Project description:To investigate effects of long-term intake of RPS on gene expression in the colon and liver of pigs,thirty-six Duroc × Landrace × Large White growing barrows were randomly allocated to corn starch (CS) and RPS groups. Each group consisted of six replicates (pens), with three pigs per pen. Pigs in the CS group were offered a corn/soybean-based diet, while pigs in the RPS group were put on a diet in which 230 g/kg (growing period) or 280 g/kg (finishing period) purified corn starch was replaced with purified RPS during a 100-day trial. Liver transcriptomic results showed that the expression of CD36, CPT1B and ACADM was down-regulated, while AGPAT4, GPAT, FABP1 and FABP3 were up-regulated by the RPS diet, indicating a decrease in fatty acid intake and synthesis, and an increase in fatty acid oxidation and glycerophospholipid synthesis.Analysis of the colonic transcriptome profiles revealed that the RPS diet changed the colonic expression profile of the host genes mainly involved in immune response pathways. RPS significantly increased proinflammartory cytokine IL-1? gene expression and suppressed genes involved in lysosome. Thirty-six Duroc × Landrace × Large White growing barrows (70 days of age, 23.78 ± 1.87 kg) were randomly allocated to two groups, each group consisting of three pigs per pen, and six replicates. Pigs in the control group were offered a corn/soybean-based diet, while 230 g/kg purified corn starch (CS) was replaced with purified RPS in the RPS diet group. Diets were formulated according to the nutrient requirements of the National Research Council (1998). When animals reached the age of 120 days, diets were adapted to the nutrient requirements of the animals (finishing diet) and the amount of purified starch increased to 280 g of CS or RPS per kilogram of feed. Pigs had unlimited access to feed and water throughout the experimental period, which consisted of two 50-day trials in which the pigs consumed the growing diet (days 0-50) and finishing diet (days 51-100), respectively. On day 100, one pig from each replicate that met the target slaughter weight (105 to 110 kg) was slaughtered. The liver and colonic mucosa tissues were collected and preserved in liquid nitrogen for gene expression analysis.
Project description:The gut microbiota affects the metabolism, health and growth rate of pigs. Understanding the characteristics of gut microbiota of different pig breeds at each growth stage will enable the design of individualized feeding strategies. The present study aimed to compare the growth curves and development patterns of pigs of three different breeds (Duroc, Landrace and Yorkshire) using the mathematical models Gompertz, Logistic, Von Bertalanffy and Richards. For Duroc pigs, the Gompertz model showed the highest prediction accuracy (R<sup>2</sup> = 0.9974). In contrast, the best models for Landrace and Yorkshire pigs were Richards (R<sup>2</sup> = 0.9986) and Von Bertalanffy (R<sup>2</sup> = 0.9977), respectively. Path analysis showed that body length (path coefficient = 0.507) and chest circumference (path coefficient = 0.532) contributed more significantly to the body weight of pigs at the early growth stage, while hip circumference (path coefficient = 0.312) had a greater influence on pig body weight in the late growth stage. Moreover, the composition of the gut microbiota of pigs at two growth stages (60 kg of body weight in the early growth stage and 120 kg in the finishing stage) was studied using 16S rRNA sequencing technology. Variations in gut microbiota composition of pigs at different growth stages were observed. KEGG pathway enrichment analysis of annotated metagenomes revealed that protein synthesis and amino acid metabolism pathways were significantly enriched in pigs at the early growth stage, which may be related to nutritional requirements of pigs during this stage. This study confirmed longitudinal variation in the gut microbiota of pigs pertaining to age as well as lateral variation related to pig breed. The present findings expand the current understanding of the variations in swine gut microbiota during production stages.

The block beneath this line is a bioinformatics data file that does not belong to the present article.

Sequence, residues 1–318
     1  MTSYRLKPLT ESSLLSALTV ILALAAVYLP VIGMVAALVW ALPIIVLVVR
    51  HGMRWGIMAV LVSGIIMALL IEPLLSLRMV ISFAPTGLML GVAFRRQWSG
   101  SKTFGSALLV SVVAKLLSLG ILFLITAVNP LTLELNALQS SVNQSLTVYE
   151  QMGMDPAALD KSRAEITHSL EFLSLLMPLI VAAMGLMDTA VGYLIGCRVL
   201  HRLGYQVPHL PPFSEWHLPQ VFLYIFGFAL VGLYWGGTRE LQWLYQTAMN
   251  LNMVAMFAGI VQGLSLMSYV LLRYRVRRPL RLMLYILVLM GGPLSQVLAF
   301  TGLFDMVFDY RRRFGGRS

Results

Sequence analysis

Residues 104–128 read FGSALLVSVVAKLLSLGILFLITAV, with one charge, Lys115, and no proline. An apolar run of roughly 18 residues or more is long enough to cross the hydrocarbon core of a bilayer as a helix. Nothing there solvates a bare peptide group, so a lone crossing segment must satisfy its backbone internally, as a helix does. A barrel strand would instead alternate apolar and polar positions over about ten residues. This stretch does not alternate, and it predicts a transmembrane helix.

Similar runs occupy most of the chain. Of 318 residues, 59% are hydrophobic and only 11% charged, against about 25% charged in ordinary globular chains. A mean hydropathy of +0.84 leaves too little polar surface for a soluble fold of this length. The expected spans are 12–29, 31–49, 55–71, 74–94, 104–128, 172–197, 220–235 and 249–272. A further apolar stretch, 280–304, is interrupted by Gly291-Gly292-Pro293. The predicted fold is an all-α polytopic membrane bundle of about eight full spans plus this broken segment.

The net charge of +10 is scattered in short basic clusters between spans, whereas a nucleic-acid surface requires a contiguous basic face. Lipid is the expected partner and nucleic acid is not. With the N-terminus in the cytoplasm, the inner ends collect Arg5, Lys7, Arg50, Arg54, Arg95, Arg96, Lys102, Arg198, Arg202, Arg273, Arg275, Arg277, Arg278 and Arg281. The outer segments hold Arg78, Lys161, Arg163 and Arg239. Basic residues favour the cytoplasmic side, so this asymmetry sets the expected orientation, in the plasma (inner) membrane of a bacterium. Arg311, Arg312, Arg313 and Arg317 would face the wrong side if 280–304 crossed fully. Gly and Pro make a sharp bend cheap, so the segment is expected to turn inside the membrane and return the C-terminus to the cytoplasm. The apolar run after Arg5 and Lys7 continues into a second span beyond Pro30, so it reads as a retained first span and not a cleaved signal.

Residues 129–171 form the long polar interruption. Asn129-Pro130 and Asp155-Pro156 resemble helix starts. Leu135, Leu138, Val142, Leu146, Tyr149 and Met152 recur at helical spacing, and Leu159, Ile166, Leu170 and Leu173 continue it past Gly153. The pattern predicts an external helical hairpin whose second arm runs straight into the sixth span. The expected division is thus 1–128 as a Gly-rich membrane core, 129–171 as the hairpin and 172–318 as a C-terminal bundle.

Project description:<h4>Objective</h4>To investigate the effect of host genetics on gut microbial diversity, we performed a structural survey of the fecal microbiota of four purebred boar pig lines: Duroc, Landrace, Hampshire, and Yorkshire.<h4>Methods</h4>The V3-V4 regions of the 16S rRNA genes were amplified and sequenced.<h4>Results</h4>A total of 783 operational taxonomic units were shared by all breeds, whereas others were breed-specific. Firmicutes and Bacteroidetes dominated the majority of the fecal microbiota; Clostridia, Bacilli, and Bacteroidia were the major classes. Nine predominant genera were observed in all breeds and eight of them can produce short-chain fatty acids. Some bacteria can secrete cellulase to aid fiber digestion by the host. Butyric, isobutyric, valeric, and isovaleric acid levels were highest in Landrace pigs, whereas acetic and propionic acid were highest in the Hampshire breed. Heatmap was used to revealed breed-specific bacteria. Principal coordinate analysis of fecal bacteria revealed that the Landrace and Yorkshire breeds had high similarity and were clearly separated from the Duroc and Hampshire breeds.<h4>Conclusion</h4>Overall, this study is the first time to compare the fecal microbiomes of four breeds of boar pig by high-throughput sequencing and to use Spearman's rank correlation to analyze competition and cooperation among the core bacteria.